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Article of Interest - Obesity

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Bridges4Kids LogoParents Don't See Obesity in Kids: Heavy Children Seen as 'About Right'
by Cassandra Spratling, Detroit Free Press, June 5, 2004
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A study released Friday by the American Diabetes Association found that most parents don't recognize obesity in their children.

The study was one of two released at the association's 64th annual meeting in Orlando. Although that study looked at British children, at least one Michigan pediatrician said the same is true in the United States.

"We certainly have met many families who are not concerned about the weight of their children," said Dr. Randy P. Prescilla, a pediatrician at Children's Hospital of Michigan and assistant professor of pediatrics at Wayne State University.

The study involved 300 children and their families, randomly selected over the last four years. In it, one-third of the obese girls and one-half of the obese boys were rated "about right" by their parents in terms of weight.

The other study based on a sampling of eighth-graders in Texas, North Carolina and California found that almost half -- 49.3 percent -- weigh more than suggested for their age and gender. Furthermore, 40.2 percent had pre-diabetes, a condition in which blood glucose levels are higher than normal but not high enough for a diagnosis of diabetes.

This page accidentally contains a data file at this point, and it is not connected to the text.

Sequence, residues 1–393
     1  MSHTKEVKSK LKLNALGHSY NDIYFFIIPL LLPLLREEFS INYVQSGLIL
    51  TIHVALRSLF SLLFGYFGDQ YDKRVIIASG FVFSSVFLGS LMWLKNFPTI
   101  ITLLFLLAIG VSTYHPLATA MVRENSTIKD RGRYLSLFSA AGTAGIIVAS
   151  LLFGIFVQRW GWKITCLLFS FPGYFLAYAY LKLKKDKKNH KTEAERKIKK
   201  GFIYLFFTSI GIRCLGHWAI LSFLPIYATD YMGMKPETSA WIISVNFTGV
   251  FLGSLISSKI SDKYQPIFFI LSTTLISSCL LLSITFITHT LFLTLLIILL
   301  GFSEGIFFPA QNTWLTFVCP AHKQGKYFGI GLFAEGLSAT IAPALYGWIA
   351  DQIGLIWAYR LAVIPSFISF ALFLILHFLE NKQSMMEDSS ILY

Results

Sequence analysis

Children are at high risk for diabetes and other serious health problems, largely due to being overweight.

Both studies offer further evidence that children need to increase their physical activity and improve their diets, which are often loaded with too much sugar and fat, said Prescilla and Christine Bowen, a dietitian at Children's Hospital of Michigan.

Prescilla suggested that parents monitor their children's weight and request an evaluation of their weight during regular physical exams.

Doctors suggest that parents who want to determine whether their children are overweight should consider the following factors:

Is the child heavier compared to classmates?

Is there a presence of darkening of skin around the neck (acanthosis nigricans), which is suggestive of insulin resistance?

Is the child short of breath after climbing stairs or after a short bout of physical activity?

Is the child having sleep problems due to loud snoring and breathing problems at night?

Is the child having back and/or lower extremity joint problems?

Does the child show signs of depression due to low self-esteem and other behavioral problems?
More than 18 million Americans have diabetes, a group of serious diseases characterized by high blood sugar levels that result from defects in the body's ability to produce and/or use insulin. Diabetes can lead to severely debilitating or fatal complications, such as heart disease, blindness, kidney disease and amputations. It is the fifth leading cause of death by disease in the United States.


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